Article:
Port Orchard Mayor Rob Putaansuu points to amenities that are to be included in concept designs for the city’s two waterfront pocket parks. Photo: Bob Smith | Kitsap Daily News

Port Orchard Mayor Rob Putaansuu points to amenities that are to be included in concept designs for the city’s two waterfront pocket parks. Photo: Bob Smith | Kitsap Daily News

Port Orchard waterfront to include two pocket parks

By Bob Smith

Kitsap News Group

PORT ORCHARD — Pocket parks — those slivers of green serenity sandwiched between the hustle and bustle parcels of urban life — have become trendy additions to city landscapes throughout the U.S.

Port Orchard is no different. It boasts its own micro-parks, the most recent being the Mary Ann Huntington Children’s Park that’s tucked next to Marina Park on the city’s waterfront.

Two new pocket parks are being designed for the city by architect Emily Russell of Russell Design Source that will soon provide small doses of greenery in two locations.

Russell presented preliminary design concepts to the City Council during its March 21 work study session at City Hall. Labeled the Mosquito Fleet Park Concept, two pocket parks under design will sit on the waterfront — Waterfront Park will be placed near the gazebo, and the other, Rockwell Park, will front Bay Street and sit in between the Marlee Apartments and the Comfort Inn motel.

Both pocket parks will abut the completed pedestrian pathway connecting the downtown waterfront with the Annapolis pier for pedestrians and bicyclists when all project phases are finished over the next few years.

After the presentation, council members and the mayor debated the initial concepts and opted for the parks to emphasize open space and seating that’s optimized to view the water and mountain vistas.

Newly modified design concepts were given to Rob Putaansuu, Port Orchard mayor, earlier this week.

Putaansuu said terraced grass seating at Rockwell Park would be conducive for family picnics or for visitors to sit and gaze out at Sinclair Inlet. The site also would include some public parking as well as beach access for visitors.

“We have a great kayak launch point and a sandy beach there,” he said, “as well as some interpretive signs. I think this is a great little pocket park.”

Funding from the state Legislature — $309,000 — for the Rockwell park is pending in the House budget, he said, and passage, followed by the governor’s signature, would follow.

The Waterfront Park has been designed to create more seating and lawn terracing for the gazebo and its summer concert goers. It will include a pervious paved plaza to provide green open space for the public, and for the summer farmers market, car shows and other public events.

A compelling feature in the first concept design — an arbor trellis structure with swinging benches — will be included in the new design.

“The council and I really liked it,” Putaansuu said, “plus we really like the openness of the concept. We added some sculptural interpretive signing to these first concepts.”

The new pocket park will replace roughly 60 parking slots now used for commuter parking. “I think this is a much better public use of the waterfront than it is storing cars on it,” the mayor said.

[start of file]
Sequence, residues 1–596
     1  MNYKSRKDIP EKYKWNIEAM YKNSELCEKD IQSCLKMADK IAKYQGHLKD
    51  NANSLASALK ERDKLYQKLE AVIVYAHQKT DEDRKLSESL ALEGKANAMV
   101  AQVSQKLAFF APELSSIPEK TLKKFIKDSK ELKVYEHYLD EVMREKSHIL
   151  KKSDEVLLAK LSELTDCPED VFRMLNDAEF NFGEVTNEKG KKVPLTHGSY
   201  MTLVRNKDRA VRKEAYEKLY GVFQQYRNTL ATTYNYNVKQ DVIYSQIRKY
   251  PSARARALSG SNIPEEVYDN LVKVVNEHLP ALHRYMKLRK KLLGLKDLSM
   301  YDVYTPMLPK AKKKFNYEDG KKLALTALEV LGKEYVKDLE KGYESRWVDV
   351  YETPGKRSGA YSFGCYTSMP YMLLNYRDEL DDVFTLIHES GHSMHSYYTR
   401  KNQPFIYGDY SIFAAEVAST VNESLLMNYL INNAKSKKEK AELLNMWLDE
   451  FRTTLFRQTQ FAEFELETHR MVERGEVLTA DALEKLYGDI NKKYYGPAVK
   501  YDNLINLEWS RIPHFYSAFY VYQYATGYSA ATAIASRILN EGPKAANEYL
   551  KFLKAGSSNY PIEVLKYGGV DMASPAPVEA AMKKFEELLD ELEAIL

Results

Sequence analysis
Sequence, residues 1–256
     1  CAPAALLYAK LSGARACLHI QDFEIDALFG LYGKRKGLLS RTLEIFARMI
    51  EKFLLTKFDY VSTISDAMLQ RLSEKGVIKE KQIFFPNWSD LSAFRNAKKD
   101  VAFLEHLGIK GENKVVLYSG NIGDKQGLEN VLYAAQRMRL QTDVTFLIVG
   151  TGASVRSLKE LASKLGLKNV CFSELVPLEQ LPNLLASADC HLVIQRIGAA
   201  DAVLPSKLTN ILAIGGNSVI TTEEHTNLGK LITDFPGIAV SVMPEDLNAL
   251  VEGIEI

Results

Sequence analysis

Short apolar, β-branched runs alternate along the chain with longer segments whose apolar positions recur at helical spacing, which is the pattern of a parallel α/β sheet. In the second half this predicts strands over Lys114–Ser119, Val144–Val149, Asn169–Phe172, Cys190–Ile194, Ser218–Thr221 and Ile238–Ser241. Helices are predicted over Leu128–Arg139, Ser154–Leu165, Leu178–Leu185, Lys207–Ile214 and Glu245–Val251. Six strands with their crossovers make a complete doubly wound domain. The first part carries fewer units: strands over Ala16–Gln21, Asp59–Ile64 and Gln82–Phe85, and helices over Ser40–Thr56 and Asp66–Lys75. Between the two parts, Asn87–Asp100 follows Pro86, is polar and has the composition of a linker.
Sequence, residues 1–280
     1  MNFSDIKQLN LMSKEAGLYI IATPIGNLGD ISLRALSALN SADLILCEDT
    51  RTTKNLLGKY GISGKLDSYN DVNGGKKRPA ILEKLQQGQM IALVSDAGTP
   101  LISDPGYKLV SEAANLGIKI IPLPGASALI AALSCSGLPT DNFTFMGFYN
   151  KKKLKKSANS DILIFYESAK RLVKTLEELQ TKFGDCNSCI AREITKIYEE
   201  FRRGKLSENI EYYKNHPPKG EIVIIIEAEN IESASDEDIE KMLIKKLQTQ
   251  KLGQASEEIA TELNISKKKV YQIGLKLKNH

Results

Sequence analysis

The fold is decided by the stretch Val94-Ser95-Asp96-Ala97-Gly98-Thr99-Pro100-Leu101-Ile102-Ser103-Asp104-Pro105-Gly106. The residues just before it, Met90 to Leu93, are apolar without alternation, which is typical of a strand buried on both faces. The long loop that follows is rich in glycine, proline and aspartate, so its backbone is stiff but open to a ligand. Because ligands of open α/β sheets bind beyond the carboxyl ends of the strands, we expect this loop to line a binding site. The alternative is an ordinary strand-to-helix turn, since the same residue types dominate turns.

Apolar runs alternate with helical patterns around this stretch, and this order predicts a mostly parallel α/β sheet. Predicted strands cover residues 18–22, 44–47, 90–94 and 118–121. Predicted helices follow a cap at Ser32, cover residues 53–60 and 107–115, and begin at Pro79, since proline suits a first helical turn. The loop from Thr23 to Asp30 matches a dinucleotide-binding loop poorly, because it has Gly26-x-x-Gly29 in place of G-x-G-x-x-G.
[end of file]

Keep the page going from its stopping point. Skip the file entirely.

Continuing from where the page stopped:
Putaansuu said existing and future park and ride lots can be better utilized by commuters. He expects that when fast ferry sailings begin out of Southworth, the waterborne route served by a larger-capacity boat will prove to be more suited for South Kitsap commuters heading into Seattle.

The mayor said he hopes to have construction begin on Rockwell Park next year after the funding award is received.

The second park, he hopes, will reach the construction phase in the next two years.

“I’m hoping to see these built in the next three to five years. I think this is realistic,” Putaansuu said.

A final cost estimate won’t be completed until funding amounts are determined in the next 60 days, he added. In the meantime, Putaansuu has begun giving presentations about the concepts to the hodge-podge of parcel owners at Waterfront Park.

“We control the parking area,” he said, pointing to a layout of the park location, “but it’s the Port of Bremerton that leases it with the Department of Natural Resources, so I’ve got to get some consensus from the Port, too.

“It’s a very complex group of parcels with different owners, but (the pocket parks) make sense for us and for them.”

Two pocket park concept designs for the Port Orchard waterfront will include grassy areas and seating to view Sinclair Inlet. Illustration: Russell Design Source

Two pocket park concept designs for the Port Orchard waterfront will include grassy areas and seating to view Sinclair Inlet. Illustration: Russell Design Source

A unique design feature (shown here in a design for another project) for the waterfront pocket park includes a trellis structure that holds swinging seats. Illustration: Russell Design Source

A unique design feature (shown here in a design for another project) for the waterfront pocket park includes a trellis structure that holds swinging seats. Illustration: Russell Design Source

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